Posted by Marla J. Hayes
Richard "RB" Botto Richard "RB" Botto

Today's blog comes from screenwriter and Stage 32 member, Marla J. Hayes, from North Bay, Canada. Marla has written a number of features and short films, in some instances acting as a producer. Her screenplay, Screw You, Mr. President was adapted into a number one bestseller on

Marla decided to interview someone she trusted would provide some helpful advice to writers on perfecting their craft: herself! Marla recounts the very beginnings of her desire to become a writer, explains how she deals with self-doubt, and shares with the Stage 32 community a number of incredibly helpful tips that any writer, filmmaker, well, any creative, could hugely benefit from following.

I thank Marla for her contribution to the Stage 32 Blog.



When Stage 32 invited me to write a blog about screenwriting, I thought, “what better way to share my story and advice than by interviewing myself?”

So... cue opening music and FADE IN:

Screenwriting Blogger Self: Marla, what drew you into the world of screenwriting?

Marla J. Hayes: The first movie I ever saw. I must've been around 12 when my parents took me to see The Sound of Music. The opening vista made my jaw drop. I was glued to my seat. I wanted to make the same things happen with my words. I instantly became a lifelong movie lover.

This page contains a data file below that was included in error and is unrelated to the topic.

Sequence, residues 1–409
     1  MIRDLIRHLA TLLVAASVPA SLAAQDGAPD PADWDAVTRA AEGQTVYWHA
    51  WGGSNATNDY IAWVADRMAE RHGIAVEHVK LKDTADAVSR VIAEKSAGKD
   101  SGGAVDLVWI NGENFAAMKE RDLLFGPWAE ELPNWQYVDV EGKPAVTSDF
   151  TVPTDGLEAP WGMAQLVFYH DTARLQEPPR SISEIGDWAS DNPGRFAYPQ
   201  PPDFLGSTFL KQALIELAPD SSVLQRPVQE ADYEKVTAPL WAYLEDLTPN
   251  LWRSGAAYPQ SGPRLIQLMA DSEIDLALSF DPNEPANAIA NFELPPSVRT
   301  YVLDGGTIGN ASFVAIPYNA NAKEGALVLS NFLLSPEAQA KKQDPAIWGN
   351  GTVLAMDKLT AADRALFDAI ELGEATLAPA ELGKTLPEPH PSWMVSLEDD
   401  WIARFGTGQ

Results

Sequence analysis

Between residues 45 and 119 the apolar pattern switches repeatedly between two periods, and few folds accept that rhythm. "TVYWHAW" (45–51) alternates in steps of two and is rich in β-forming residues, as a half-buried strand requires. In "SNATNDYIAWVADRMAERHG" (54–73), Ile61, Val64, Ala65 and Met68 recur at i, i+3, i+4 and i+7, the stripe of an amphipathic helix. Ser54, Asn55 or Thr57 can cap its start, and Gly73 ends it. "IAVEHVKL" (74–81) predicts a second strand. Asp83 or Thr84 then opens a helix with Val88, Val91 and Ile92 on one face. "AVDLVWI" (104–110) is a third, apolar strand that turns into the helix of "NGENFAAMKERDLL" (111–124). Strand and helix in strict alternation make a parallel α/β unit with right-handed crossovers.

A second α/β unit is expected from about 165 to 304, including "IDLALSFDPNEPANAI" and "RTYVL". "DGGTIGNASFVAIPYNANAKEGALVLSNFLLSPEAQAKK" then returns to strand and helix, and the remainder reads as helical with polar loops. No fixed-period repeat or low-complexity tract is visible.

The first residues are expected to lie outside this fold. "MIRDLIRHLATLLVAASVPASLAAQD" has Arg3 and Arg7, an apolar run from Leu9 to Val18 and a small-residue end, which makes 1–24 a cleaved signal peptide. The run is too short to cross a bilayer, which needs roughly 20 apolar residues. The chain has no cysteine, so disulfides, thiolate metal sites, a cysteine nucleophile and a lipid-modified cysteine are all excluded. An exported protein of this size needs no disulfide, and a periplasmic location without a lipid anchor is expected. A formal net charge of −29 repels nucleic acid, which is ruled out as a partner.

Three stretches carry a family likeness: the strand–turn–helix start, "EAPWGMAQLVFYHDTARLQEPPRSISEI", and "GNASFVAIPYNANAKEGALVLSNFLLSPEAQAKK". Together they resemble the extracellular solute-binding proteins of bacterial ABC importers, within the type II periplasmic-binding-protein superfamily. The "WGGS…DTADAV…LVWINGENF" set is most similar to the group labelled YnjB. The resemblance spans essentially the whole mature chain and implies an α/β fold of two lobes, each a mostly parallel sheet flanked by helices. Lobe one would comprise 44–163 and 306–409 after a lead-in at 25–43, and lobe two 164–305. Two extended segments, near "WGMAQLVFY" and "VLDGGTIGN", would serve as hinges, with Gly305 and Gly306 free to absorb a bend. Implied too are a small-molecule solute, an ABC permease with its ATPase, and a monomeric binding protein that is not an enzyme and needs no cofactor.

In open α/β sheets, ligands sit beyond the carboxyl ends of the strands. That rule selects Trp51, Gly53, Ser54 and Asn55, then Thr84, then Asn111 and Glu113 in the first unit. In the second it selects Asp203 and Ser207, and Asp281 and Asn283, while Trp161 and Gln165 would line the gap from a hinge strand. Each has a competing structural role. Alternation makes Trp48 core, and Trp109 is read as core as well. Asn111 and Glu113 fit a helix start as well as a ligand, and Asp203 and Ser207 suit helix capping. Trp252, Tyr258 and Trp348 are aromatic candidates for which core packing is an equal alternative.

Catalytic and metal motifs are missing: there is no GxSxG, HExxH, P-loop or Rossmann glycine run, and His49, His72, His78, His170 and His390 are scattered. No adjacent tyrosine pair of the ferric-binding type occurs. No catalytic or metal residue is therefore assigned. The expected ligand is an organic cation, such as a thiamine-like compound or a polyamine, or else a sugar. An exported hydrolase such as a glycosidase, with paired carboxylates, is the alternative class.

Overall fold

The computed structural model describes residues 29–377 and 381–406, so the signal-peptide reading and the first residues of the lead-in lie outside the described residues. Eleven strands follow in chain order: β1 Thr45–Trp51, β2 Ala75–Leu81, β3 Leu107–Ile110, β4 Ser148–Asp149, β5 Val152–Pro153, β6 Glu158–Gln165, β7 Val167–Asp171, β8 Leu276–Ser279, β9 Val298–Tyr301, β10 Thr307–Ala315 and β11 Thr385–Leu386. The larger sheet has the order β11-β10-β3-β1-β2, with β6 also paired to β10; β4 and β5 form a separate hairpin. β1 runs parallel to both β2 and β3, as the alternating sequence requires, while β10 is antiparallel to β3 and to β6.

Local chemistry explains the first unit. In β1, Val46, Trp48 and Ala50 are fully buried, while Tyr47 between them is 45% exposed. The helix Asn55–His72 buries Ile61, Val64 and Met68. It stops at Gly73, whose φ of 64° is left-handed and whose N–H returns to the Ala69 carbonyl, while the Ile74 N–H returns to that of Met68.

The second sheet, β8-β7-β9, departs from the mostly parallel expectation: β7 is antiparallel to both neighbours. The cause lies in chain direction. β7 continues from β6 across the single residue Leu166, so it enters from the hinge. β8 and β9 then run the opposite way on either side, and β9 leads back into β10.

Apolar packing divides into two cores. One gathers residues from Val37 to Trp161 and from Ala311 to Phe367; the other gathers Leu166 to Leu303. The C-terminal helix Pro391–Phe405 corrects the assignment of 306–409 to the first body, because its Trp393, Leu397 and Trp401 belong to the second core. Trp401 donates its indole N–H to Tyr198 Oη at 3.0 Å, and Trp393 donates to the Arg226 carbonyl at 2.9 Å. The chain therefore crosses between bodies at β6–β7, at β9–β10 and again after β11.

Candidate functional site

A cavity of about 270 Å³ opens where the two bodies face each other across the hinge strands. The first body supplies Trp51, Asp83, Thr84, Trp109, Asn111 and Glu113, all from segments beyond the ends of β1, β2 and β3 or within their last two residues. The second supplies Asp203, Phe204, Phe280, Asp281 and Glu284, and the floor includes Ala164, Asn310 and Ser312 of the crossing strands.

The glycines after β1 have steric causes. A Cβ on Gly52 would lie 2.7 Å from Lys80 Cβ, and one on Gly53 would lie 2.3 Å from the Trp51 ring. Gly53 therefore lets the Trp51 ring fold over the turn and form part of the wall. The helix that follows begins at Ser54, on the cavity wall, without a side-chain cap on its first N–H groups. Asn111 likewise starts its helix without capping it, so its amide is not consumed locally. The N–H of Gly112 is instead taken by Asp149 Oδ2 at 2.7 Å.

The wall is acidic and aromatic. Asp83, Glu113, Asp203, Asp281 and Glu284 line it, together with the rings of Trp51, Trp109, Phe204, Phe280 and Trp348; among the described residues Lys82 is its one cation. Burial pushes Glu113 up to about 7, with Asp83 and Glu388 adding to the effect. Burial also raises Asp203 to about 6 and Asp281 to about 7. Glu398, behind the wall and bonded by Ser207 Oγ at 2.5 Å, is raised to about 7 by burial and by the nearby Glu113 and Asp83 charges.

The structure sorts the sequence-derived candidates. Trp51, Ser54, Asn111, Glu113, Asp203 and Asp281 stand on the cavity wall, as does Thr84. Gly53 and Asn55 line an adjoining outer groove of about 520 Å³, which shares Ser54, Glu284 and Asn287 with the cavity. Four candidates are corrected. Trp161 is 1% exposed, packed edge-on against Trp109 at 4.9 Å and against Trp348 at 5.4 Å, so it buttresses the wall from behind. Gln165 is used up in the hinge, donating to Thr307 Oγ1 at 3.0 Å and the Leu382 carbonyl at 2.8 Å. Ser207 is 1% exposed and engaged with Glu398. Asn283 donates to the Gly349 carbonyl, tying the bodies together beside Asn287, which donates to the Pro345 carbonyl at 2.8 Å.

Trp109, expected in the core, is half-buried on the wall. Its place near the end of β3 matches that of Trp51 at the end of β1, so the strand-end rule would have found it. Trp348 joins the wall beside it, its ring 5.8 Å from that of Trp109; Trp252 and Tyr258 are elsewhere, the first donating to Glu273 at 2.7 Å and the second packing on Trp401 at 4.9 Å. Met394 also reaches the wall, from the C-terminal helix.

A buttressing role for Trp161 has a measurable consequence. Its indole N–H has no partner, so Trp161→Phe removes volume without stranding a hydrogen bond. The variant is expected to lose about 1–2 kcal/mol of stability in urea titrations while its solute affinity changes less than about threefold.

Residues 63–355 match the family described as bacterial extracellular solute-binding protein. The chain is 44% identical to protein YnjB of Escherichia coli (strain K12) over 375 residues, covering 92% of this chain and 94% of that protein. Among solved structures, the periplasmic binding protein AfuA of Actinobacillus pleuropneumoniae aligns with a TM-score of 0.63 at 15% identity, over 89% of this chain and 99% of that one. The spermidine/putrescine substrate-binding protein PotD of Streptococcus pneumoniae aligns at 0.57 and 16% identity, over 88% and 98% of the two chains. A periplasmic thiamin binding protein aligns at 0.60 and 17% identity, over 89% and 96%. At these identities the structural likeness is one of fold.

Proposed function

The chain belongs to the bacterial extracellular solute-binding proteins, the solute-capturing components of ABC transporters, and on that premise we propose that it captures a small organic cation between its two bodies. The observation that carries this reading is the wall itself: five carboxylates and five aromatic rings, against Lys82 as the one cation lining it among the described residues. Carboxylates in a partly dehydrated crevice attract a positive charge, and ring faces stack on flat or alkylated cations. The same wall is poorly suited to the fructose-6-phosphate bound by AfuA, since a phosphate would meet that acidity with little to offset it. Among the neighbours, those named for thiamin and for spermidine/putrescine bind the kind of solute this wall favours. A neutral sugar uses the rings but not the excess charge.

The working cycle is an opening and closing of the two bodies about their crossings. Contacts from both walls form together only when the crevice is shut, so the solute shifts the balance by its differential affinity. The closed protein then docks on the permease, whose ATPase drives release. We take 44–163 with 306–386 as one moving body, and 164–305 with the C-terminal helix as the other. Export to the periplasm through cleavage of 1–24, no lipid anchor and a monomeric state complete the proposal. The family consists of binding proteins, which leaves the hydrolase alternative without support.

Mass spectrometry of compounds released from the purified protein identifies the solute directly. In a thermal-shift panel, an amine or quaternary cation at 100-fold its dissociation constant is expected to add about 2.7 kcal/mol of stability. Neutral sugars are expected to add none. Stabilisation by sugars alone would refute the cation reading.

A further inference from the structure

SBS: Did you start writing scripts at that young an age?

MJH: (laughs) I wish I had. I'd be SO much further along in the continuous learning curve that is screenwriting. No, writing scripts came almost four decades later when I actually read a few books about the craft, wrote an episode for my favorite TV show 'Magnum, PI' and had the nerve to send it to the show. I barely knew enough to register it with the Writers Guild of America.

SBS: What happened with that attempt to break into the business?

MJH: One of the producers read it and wrote me back an encouraging letter (yes, it was the days before the internet). In hindsight, that letter was my first set of notes. In a follow-up letter, I outlined my idea for a sequel to Tom Selleck's movie 3 Men and a Baby. I laugh, now remembering the woman's response - she was adamant that there wouldn't be a sequel because the movie's box office earnings wouldn't support one. Well, we know she was proven wrong with the release of 3 Men and a Little Lady. That experience is one I hold in my quiver of rejections to look back on with a proverbial grain of salt.

SBS: Have you ever wanted to give in to those rejections and give up? What has kept you going?

MJH: What screenwriter hasn't wanted to quit! That's when you have to dig deep into the faith you have in your ability. Share those feelings of quitting with the talented circle of screenwriting friends you have gathered around you and take heart in sharing stories like the road to production for Dallas Buyers Club. That script was passed on by over 80 producers before it found its home and went all the way to the Oscars. Listen to advice from professionals -- I think it was reading a James Cameron print interview after Titanic when I first saw someone speak about the value of persistence in getting through the “Hollywood brick wall” to where people will want to read and produce your scripts.

SBS: What one piece of advice can you offer that is more important than any other?

MJH: Oh, please, can I offer you two instead?

SBS: Who am I to stop you?